Building on insights that antibodies generated by lupus can also kill cancer cells, a group of investigators led by James Hansen, assistant professor of therapeutic radiology at Yale School of Medicine, says that they have found a way to engineer these antibodies into a more efficient weapon.
The alterations included changing the antibodies so they could more easily penetrate cancer cells and bind to DNA, enabling "them to selectively kill tumors with defects in DNA repair."
The Yale group, which includes investigators from the Veterans Affairs Greater Los Angeles Healthcare System, says that they've now set out to translate this work into a new cancer drug clinical program that could well be relevant to a variety of cancer types. Their work was reviewed at the American Association for Cancer Research Annual Meeting 2015 Philadelphia.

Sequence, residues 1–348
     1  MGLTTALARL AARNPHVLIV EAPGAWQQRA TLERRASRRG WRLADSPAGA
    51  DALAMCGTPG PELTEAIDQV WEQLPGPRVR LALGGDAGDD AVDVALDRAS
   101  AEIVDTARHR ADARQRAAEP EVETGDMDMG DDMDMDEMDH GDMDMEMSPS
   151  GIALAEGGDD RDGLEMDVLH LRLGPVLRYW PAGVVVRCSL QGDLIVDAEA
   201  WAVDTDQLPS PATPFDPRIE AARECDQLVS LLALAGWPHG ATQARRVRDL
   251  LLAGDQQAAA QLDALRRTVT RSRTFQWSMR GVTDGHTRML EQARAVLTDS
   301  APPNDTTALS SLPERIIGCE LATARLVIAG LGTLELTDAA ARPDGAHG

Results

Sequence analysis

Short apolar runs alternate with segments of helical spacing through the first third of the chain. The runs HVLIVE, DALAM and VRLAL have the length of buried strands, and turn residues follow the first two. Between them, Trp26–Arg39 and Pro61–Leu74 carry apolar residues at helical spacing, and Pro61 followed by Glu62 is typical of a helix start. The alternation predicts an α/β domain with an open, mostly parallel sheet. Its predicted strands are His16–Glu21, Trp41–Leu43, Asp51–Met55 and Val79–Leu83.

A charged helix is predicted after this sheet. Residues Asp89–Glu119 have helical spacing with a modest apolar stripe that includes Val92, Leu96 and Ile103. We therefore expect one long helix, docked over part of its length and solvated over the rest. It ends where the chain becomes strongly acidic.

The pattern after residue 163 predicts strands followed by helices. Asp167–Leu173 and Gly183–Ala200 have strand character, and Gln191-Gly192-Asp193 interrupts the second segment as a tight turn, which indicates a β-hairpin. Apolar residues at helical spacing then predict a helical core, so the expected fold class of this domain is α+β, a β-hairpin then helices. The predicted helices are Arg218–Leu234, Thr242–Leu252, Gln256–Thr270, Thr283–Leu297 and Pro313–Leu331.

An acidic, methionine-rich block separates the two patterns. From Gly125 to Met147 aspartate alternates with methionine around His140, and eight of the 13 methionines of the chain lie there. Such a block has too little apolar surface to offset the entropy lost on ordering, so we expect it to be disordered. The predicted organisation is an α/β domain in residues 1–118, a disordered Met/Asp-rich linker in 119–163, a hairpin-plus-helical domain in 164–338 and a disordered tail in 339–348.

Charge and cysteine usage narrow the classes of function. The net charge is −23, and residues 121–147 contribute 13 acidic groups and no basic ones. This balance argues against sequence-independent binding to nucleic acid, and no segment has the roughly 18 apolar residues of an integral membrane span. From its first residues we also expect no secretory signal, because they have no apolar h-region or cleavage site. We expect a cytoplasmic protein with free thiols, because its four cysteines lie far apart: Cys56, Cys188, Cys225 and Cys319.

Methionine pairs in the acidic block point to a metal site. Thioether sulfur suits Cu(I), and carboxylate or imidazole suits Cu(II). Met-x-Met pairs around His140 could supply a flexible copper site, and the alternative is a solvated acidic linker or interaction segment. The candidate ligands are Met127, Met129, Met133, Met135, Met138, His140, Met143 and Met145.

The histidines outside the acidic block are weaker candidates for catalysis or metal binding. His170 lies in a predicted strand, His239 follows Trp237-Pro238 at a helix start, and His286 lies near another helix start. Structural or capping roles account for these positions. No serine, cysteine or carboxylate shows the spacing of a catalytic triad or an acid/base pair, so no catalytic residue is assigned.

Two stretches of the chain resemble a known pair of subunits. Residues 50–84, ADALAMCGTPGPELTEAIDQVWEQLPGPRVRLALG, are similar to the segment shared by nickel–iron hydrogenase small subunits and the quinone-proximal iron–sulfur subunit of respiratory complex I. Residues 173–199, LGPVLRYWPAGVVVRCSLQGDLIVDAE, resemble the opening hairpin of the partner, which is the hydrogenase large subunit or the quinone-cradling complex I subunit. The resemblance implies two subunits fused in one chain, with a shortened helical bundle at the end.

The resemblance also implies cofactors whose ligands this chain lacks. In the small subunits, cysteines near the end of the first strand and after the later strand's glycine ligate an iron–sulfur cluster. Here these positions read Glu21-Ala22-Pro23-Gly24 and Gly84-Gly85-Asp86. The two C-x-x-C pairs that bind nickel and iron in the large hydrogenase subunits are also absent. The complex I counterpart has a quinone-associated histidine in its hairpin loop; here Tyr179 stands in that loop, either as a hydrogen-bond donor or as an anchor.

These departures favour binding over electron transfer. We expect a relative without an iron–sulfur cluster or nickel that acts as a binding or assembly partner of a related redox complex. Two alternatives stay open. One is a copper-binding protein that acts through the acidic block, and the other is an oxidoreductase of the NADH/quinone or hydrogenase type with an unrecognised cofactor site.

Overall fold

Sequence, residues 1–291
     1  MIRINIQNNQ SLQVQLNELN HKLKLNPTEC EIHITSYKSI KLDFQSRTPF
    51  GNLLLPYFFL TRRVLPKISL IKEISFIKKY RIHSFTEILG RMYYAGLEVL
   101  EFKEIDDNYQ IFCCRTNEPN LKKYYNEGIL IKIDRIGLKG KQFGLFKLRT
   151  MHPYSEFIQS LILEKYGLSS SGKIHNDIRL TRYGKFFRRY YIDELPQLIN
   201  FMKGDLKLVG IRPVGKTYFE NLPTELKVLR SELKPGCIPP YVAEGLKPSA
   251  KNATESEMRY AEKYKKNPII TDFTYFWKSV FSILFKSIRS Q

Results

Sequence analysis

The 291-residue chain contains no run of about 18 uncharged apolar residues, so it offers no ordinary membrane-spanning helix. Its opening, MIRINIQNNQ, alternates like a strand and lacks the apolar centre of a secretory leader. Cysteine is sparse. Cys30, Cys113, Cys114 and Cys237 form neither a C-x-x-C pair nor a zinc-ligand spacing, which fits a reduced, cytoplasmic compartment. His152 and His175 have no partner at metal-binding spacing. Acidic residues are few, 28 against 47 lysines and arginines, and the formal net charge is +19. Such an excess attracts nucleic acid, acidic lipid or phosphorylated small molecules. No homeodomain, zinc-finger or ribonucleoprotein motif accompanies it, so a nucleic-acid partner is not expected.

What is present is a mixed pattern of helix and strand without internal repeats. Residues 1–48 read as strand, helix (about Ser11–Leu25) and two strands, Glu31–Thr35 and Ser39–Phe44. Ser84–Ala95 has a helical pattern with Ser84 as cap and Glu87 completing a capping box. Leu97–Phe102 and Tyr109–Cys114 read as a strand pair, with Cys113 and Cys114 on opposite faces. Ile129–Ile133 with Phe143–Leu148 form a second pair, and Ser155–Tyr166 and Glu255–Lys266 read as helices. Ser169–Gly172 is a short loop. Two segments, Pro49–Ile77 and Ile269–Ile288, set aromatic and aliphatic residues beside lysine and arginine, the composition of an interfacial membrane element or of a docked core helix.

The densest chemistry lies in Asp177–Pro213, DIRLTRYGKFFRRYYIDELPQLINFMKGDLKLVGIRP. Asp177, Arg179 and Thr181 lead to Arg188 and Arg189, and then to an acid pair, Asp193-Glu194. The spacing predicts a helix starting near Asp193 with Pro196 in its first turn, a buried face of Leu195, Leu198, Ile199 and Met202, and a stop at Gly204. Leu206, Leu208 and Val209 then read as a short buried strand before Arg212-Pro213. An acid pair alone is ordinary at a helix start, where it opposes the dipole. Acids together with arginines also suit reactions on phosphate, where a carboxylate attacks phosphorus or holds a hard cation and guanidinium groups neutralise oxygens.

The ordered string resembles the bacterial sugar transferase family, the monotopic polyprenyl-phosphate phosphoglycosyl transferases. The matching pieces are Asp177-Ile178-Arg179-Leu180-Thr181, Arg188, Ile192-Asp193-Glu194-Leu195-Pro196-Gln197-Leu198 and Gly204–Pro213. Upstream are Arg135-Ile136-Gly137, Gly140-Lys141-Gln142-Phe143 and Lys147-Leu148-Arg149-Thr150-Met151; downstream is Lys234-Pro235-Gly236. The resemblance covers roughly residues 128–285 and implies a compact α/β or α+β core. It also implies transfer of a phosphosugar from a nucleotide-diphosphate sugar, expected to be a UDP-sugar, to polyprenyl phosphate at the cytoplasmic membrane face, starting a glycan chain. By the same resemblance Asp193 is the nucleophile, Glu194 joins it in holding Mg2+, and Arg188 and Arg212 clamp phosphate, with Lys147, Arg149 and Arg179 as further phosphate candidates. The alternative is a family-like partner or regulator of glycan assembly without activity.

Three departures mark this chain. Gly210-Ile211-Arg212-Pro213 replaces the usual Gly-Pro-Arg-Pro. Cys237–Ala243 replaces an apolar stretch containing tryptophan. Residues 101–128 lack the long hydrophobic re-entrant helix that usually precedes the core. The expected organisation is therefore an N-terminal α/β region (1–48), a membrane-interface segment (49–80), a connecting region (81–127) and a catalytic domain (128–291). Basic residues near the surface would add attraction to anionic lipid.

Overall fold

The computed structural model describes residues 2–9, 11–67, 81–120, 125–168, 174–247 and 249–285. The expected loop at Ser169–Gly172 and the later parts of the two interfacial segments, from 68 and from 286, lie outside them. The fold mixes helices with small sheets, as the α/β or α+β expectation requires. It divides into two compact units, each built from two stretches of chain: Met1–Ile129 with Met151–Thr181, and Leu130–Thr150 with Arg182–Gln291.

Lupus is a chronic disease in which an errant immune system attacks organs tissues and joints. If the researchers are right, they will be able to turn a problem into a solution.
"We think we can grow an army of antibody assassins that exploit cancer cells' inherent weaknesses," Hansen said. "Autoantibodies are problematic in lupus, but some good will come from their existence if we can turn them against tumors and take a bite out of cancer."
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